How do you improve on something that already has “perfect” in its name? To Millennialize Mr. Robinson’s investment advice to Dustin Hoffman’s college-age character in the 1967 movie, The Graduate, “Software, my boy, software.”
We shared the Annealing Made Perfect machine with readers back in 2017. This tabletop annealer is remarkable in several respects: compact and self-contained, storing easily on a shelf; heating via magnetic induction, it has no open flame or heating element; no moving parts; it is very fast, annealing a case in about two seconds; and being computer controlled it anneals cases with absolutely precise case-to-case consistency. The machine anneals so precisely that users reference the AMP website library for the case manufacturer’s lot number of the cartridge case they wish to anneal in order to program their machine. AMP builds this library from the sample cases sent by users to the company in New Zealand; analyzes the sample cases at no charge and informs the user via email the programing code number to enter into the machine to precisely anneal the cases from that lot. The code number then posts to the AMP website library for other users to reference.
Though 21st century technology, any handloader from 1967 would be comfortable with the AMP’s controls.
AZTEC for AMP
New software from AMP, which the company calls AZTEC, eliminates the time consumed by international shipping and individual analysis; with AZTEC, the AMP machine itself analyzes the brass case and generates a program code number for proper annealing. Analysis requires the machine to destroy one “sacrificial” case, but that’s a lot cheaper than international shipping. New Mark II model AMPs come with AZTEC installed; those who own the earlier Mark I model can download AZTEC from the AMP website.
Downloading AZTEC is not free, though AMP still does not charge for analyzing cases sent to their lab in New Zealand. Cost of the software upgrade for Mark I AMP annealers is $195; upon online payment, AMP provides the user instructions on how to download the software via the internet into their AMP machine (a USB cable to connect the AMP to a home computer or laptop is already included with purchase of the machine).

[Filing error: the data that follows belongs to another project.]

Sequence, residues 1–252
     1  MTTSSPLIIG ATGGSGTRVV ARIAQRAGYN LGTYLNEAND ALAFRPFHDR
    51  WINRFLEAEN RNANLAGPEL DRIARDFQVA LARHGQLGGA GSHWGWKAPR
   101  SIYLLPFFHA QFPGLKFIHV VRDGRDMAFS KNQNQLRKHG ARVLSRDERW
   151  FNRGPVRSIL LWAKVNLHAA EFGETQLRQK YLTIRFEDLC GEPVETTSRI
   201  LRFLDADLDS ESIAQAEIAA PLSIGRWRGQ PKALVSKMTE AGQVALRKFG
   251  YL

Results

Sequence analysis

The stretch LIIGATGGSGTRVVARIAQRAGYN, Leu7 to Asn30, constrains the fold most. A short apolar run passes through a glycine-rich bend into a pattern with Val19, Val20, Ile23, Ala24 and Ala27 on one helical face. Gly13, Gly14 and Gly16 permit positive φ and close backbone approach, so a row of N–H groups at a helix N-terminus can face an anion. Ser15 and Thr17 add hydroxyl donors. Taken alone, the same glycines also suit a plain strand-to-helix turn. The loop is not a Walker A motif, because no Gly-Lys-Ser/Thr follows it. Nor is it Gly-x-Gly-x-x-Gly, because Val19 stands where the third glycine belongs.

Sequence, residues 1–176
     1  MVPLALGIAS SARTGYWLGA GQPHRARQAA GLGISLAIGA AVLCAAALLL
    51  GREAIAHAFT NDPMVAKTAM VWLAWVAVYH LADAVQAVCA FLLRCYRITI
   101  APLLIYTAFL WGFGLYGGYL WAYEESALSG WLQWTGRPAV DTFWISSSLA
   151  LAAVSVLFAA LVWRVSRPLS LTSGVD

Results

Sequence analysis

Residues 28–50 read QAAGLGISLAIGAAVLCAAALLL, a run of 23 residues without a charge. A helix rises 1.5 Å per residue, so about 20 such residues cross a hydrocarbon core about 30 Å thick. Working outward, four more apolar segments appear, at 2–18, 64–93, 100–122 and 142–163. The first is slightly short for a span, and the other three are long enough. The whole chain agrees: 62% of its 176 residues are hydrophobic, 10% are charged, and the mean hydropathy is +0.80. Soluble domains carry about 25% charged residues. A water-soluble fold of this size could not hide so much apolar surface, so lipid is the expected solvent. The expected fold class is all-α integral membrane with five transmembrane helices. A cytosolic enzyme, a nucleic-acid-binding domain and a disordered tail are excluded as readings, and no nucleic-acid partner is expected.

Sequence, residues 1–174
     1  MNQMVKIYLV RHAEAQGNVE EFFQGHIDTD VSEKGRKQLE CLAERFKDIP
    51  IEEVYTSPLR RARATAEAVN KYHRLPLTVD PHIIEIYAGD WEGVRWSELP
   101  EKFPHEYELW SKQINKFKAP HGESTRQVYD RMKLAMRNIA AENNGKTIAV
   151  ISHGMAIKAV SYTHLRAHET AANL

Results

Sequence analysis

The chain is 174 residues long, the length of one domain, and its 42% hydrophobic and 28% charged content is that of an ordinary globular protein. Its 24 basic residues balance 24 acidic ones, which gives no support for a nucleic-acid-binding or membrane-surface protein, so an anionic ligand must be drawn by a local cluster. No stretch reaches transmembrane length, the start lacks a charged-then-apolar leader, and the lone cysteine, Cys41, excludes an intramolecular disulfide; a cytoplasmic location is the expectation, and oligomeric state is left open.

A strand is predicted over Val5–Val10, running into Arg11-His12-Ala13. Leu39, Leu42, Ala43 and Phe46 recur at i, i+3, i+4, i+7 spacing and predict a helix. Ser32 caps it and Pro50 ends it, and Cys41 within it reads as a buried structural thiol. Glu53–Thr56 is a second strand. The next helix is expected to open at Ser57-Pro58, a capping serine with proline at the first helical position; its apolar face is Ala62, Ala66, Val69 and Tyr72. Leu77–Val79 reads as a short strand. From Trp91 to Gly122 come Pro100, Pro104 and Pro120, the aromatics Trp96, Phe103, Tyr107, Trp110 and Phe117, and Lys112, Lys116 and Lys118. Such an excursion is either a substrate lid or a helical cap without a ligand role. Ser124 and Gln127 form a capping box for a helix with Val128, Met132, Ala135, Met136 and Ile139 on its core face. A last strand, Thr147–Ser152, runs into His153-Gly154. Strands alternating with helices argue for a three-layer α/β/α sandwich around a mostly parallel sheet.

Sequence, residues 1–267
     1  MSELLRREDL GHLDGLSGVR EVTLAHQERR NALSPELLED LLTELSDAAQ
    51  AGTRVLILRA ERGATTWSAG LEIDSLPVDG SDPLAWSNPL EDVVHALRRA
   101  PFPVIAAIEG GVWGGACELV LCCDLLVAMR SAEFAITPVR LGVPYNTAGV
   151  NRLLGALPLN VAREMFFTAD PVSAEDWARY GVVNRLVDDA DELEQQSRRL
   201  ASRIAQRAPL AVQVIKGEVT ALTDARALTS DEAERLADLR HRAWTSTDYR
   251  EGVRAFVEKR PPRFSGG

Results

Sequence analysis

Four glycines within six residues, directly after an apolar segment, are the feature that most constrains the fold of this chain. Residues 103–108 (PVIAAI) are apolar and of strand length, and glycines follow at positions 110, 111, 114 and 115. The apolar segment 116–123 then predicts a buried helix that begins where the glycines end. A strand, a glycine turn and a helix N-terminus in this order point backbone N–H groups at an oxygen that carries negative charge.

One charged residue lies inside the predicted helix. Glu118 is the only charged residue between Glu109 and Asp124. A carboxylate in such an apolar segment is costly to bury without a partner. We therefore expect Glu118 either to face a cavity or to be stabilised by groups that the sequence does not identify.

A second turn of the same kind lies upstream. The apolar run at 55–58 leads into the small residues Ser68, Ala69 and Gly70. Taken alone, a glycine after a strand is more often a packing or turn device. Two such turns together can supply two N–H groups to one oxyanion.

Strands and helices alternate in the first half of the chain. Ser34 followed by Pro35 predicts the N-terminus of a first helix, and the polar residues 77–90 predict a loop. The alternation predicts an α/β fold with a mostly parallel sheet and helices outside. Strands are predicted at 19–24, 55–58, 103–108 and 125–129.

Annealing eases case conversions by making brass necks and shoulders more malleable. (l.-r.) .222 Rem case, after annealing, and after forming to .17-222.
Case Conversions Made Easier
Downloading AZTEC into my laptop to transfer to my Mark I AMP annealer took only a few minutes. My first use of AZTEC was to anneal .222 Remington cases to form into .17-222. The machine’s dot matrix display and three pushbuttons are perhaps a bit 1967-ish by 2020 touch-screen standards, but they are completely adequate for their simple tasks. Following prompts on the display, I inserted the first “sacrificial” Winchester brand .222 case into the machine, which turned the case into toast in about five seconds and advised me to program code “0133” to anneal the Winchester brass. Next, I sacrificed a Sako brand .222 case, and again within five seconds the AMP came up with code “0134” to program for proper annealing of those cases.
Forming .17-222 from .222 Remington is relatively simple, using one form die and a trim die before full-length resizing. Annealing case necks and shoulders before forming softens the brass, making it more malleable; this in turn makes case forming easier and helps extend case life. For those who handload for competition, precise case annealing aids precision shooting in ensuring consistent neck tension on every bullet released down the bore.
Programing AZTEC to precisely anneal a specific case lot requires a sacrificial case, which AZTEC thoroughly toasts to get its program data.
First, as a comparison, I formed several .17-222 cases without annealing, which needed considerable oomph on the press handle. A failure to lubricate cases generously enough required employment of a stuck case remover. After running cases through the AMP annealer using AZTEC’s codes, they formed with significantly less effort and I experienced no more stuck cases (though the latter may be due more to lesson-learned caution to use enough lube). In testing upper-limit pressure loads in these annealed and converted cases to discover highest practical velocity, not a single one suffered a split neck or shoulder through multiple reloadings.
Precision reloading for precision shooting has evolved since 1967, but it comes at some cost. At around $1,395 the Mark II AMP machine with AZTEC installed is a bit pricey, but if your handloading goals include utmost precision or cartridge conversions, the AMP is a high-quality tool worth the money in convenience, speed, safety and repeatable, precise annealing. If you already own the Mark I model AMP, the AZTEC software upgrades your Mark I into a truly independent, standalone device needing no further factory support.